Flooding in Somalia: The Worst Seen in Decades

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The flooding causes thousands to evacuate, with the roads resembling an ocean. (Image Credit: CNN)

Along with the rest of the east and horn of Africa, Somalia has suffered relentless flooding killing many already. The total number of people who have already been killed from flooding in Somalia has risen to roughly 96 people.

SONNA, a state news agency has commented on the crisis, confirming the death toll while also stating that this figure has been confirmed by Mahamuud Moallim, who is the head of Somalia’s disaster management agency. Along with having killed 96 people in Somalia already, the flooding is described as the worst in worst in decades and have already displaced roughly 700,000 people as well.

The flooding is a result from constant rain, which previously started in October. The rain itself started as a result of the El Nino and Indian Ocean Dipole weather phenomena, which are climate patterns based on ocean surface temperatures changing, that can result in rainfall.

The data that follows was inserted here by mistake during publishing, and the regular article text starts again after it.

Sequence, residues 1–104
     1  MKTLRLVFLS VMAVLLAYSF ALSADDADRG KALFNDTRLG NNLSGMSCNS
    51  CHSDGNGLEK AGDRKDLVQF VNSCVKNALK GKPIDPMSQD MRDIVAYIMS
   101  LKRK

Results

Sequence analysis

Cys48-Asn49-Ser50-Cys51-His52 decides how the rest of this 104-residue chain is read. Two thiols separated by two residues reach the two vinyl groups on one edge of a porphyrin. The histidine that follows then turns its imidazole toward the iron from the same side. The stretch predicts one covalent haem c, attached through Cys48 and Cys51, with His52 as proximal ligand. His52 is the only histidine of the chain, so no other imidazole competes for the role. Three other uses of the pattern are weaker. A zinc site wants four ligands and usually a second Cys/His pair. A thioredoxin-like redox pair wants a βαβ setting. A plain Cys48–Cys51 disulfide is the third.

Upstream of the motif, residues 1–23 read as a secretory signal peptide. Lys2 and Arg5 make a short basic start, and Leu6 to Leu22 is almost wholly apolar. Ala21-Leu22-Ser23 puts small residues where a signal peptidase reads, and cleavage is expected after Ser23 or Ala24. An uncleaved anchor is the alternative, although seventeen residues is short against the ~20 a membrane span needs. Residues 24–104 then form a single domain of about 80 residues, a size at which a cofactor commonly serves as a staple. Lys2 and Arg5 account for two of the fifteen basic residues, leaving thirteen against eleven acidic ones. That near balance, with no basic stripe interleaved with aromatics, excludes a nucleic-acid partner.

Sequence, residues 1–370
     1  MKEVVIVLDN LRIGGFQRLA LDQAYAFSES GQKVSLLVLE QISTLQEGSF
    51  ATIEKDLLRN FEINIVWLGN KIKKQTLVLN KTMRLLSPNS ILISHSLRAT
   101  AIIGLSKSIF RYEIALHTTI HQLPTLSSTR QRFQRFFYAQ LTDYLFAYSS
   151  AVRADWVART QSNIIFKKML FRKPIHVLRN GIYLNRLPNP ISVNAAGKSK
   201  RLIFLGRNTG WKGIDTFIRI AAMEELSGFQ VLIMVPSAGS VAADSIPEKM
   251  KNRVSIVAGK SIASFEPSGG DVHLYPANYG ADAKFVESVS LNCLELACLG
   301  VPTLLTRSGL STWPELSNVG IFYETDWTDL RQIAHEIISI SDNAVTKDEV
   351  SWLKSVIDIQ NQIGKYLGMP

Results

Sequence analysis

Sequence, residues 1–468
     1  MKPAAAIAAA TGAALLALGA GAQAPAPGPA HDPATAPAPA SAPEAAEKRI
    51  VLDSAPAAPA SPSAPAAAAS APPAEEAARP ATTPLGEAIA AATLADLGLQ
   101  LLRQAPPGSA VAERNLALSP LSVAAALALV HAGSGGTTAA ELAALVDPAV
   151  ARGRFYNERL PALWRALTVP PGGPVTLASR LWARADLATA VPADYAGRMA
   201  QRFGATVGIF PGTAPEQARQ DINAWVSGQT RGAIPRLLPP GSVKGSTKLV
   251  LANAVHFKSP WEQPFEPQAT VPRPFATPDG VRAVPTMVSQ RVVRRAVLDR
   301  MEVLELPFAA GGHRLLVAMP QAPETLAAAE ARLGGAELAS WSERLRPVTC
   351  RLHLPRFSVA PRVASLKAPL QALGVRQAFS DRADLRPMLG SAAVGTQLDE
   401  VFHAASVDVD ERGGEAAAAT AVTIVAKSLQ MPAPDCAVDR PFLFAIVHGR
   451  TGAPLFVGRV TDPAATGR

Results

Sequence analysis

OCHA, a UN humanitarian agency has also commented on the crisis, stating that the number of people who have become displaced by the flooding and rain in Somalia “has nearly doubled in one week”. “In addition, roads, bridges and airstrips have been damaged in several areas, affecting the movement of people and supplies and leading to increased prices of basic commodities,” OCHA stated.

NGO World Vision said the floods have already destroyed homes, schools, roads, etc. leaving children without crucial necessities such as food, shelter, drinking water, etc.

Kevin Mackey, the organization’s Somalia country director explained that “the floods have made life extremely difficult for children. Ongoing flooding has destroyed homes forcing children and their families to leave their homes, some of whom are now sheltering in makeshift structures in the open. As they move, they are at increased risk of illness”.

The International Rescue Committee described the crisis as resulting in “catastrophic” consequences, due to a combination of the hundreds of thousands of people who have become displaced from the flooding, as well as from the animals and crops that have been destroyed due to the flooding and rain, resulting in more than 1.7 million people in “urgent need”.

“With above-normal rainfall expected to persist until the end of 2023, this will exacerbate the already grave humanitarian situation, whereby 4.3 million people, a quarter of the population are expected to face crisis-level hunger or worse by the end of 2023,” the agency explained.

Numerous humanitarian agencies have warned the situation will most likely worsen and called for global intervention to prevent the crisis from worsening.

Written by Kevin Han

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